This is the rod you’re working by popping, dropping, jiggling and pounding as you try to entice a walleye to first get interested, and then to strike. We use a couple of different rods for jigging. The Clam Ice Team Professional Series 26-inch Medium Action Walleye Rod and the JT Outdoors 30-inch Gold Digger are great all-around rods.
For targeting bigger walleye, we use the JT Outdoors 34-inch Black Reign. All of these rods have similar attributes. The shorter ones are particularly good in one-man shacks like the Clam Legend XL Thermal and the longer rods for bigger shacks like the Clam X200 Pro Thermal.
These rods are all super sensitive and lightweight. When fishing in cold conditions, walleye often don’t hit the bait very aggressively; once again, they are just sucking it in. Also, many times you will be getting bites as the fish chases your bait in an upward direction, so it is hard to detect the bite because they are pushing slack in the line as they bite while they swim toward you. You’ve got to be able to feel them to move on to the next step – setting the hook.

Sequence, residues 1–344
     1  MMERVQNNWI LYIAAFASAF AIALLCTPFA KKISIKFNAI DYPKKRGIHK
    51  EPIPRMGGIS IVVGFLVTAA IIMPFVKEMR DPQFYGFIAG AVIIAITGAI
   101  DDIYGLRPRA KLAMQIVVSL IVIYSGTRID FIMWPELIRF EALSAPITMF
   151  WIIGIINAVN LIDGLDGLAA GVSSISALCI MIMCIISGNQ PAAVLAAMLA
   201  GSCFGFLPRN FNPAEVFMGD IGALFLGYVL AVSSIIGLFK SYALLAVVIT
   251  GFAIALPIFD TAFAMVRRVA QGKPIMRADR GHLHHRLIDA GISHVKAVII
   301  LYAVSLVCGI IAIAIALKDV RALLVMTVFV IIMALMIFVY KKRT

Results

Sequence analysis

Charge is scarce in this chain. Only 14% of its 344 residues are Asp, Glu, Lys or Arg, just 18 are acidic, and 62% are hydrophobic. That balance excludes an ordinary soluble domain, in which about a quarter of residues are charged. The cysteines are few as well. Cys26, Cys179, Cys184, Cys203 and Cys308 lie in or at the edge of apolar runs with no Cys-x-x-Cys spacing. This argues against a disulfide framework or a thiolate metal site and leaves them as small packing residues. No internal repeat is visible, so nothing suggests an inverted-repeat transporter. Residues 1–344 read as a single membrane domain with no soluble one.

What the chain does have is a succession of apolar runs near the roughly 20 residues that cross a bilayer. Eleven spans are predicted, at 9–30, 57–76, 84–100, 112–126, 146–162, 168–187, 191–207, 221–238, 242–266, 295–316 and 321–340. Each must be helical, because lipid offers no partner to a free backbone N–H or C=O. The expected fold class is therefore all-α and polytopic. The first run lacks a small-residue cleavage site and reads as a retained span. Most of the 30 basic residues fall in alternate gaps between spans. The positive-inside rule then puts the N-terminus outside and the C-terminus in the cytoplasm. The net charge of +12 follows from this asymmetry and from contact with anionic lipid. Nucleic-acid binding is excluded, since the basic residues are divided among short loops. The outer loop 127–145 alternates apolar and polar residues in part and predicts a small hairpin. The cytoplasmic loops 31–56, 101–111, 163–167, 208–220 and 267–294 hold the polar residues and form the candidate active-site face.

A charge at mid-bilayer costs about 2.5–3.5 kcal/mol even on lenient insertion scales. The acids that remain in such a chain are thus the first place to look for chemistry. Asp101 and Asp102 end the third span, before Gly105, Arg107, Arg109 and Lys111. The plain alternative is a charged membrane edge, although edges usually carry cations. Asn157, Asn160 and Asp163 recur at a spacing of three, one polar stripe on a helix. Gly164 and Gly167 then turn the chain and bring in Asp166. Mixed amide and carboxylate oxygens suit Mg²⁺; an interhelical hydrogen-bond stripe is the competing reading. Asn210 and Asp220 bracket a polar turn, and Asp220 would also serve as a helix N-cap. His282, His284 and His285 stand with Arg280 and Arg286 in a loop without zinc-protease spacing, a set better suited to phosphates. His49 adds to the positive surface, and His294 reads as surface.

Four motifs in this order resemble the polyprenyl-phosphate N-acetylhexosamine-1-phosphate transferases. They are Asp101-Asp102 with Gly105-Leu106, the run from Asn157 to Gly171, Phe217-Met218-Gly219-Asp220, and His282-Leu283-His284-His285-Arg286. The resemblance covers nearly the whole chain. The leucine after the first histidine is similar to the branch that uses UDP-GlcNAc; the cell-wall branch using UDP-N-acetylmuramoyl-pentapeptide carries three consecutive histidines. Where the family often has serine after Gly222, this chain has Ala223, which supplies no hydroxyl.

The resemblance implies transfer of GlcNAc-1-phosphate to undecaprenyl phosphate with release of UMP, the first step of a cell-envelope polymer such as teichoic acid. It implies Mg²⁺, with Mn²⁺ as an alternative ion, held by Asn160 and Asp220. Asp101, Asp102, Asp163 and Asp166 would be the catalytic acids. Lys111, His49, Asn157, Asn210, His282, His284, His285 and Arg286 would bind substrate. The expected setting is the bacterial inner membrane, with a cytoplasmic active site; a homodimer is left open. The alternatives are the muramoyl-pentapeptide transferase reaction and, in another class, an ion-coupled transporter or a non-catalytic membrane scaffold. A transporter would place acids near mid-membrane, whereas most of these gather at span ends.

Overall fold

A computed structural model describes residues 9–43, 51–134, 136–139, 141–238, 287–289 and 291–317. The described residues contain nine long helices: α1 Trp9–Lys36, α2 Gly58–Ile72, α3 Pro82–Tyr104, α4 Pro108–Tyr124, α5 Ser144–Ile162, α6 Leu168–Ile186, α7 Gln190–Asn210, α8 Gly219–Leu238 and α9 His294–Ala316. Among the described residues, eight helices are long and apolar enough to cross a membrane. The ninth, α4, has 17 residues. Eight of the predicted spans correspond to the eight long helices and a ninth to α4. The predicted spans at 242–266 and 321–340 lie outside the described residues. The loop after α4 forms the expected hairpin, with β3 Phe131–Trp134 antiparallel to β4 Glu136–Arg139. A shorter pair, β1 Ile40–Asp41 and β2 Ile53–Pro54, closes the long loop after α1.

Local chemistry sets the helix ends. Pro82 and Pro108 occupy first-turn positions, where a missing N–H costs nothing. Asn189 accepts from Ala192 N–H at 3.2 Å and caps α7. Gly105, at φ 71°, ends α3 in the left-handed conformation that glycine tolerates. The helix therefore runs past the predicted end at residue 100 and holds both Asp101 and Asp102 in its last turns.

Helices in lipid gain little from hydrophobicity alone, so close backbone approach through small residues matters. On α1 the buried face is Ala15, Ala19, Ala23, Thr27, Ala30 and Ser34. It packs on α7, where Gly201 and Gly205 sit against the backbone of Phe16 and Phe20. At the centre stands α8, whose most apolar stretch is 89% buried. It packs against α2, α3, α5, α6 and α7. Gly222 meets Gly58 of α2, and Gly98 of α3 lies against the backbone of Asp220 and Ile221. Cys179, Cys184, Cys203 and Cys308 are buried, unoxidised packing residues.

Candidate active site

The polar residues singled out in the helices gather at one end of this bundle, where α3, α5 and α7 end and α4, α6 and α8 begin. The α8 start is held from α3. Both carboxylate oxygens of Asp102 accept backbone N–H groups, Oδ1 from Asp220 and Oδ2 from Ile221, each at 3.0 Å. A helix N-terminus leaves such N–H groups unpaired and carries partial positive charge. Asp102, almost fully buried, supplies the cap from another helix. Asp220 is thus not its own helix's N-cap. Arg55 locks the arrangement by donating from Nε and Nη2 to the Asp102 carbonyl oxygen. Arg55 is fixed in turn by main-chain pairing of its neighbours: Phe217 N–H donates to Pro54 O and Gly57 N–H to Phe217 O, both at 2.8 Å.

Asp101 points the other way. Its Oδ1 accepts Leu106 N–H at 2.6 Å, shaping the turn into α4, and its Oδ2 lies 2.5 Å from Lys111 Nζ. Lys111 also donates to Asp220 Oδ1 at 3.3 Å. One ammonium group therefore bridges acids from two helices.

To increase sensitivity, we use a no-stretch line as our mainline. The best choice out there is Berkley NanoFil uni-filament line, meaning it is a single strand of no-stretch material with no braiding or weaving. The no-stretch attribute greatly increases your ability to feel what is often a subtle bite.
The beauty of uni-filament is that it does not retain water in the line, so ice build up is greatly reduced. Nothing dampens sensitivity more than a big glob of ice on the line! The ice that does build up on NanoFil is on the outside of the line and is quickly taken off with a single sweep between your fingers. For walleye fishing, 8- to 10-pound NanoFil is best.
Often in ice fishing conditions, the water is much clearer than in summer. There is no algae or sediment from wind to cloud things up. For this reason, you will want to use a fluorocarbon leader to make the line tied to the bait nearly invisible.
We use a small #14 to #18 swivel to attach the NanoFil to the fluorocarbon leader. The length and pound test of the leader depends on conditions. If you are targeting larger fish, then lean toward a 10-pound leader made with Berkley Professional Grade 100% Fluorocarbon. For smaller fish or in super clear conditions, you might go as light as 6-pound fluorocarbon. A standard leader length is two feet, although in gin clear water a 4-foot leader is not uncommon.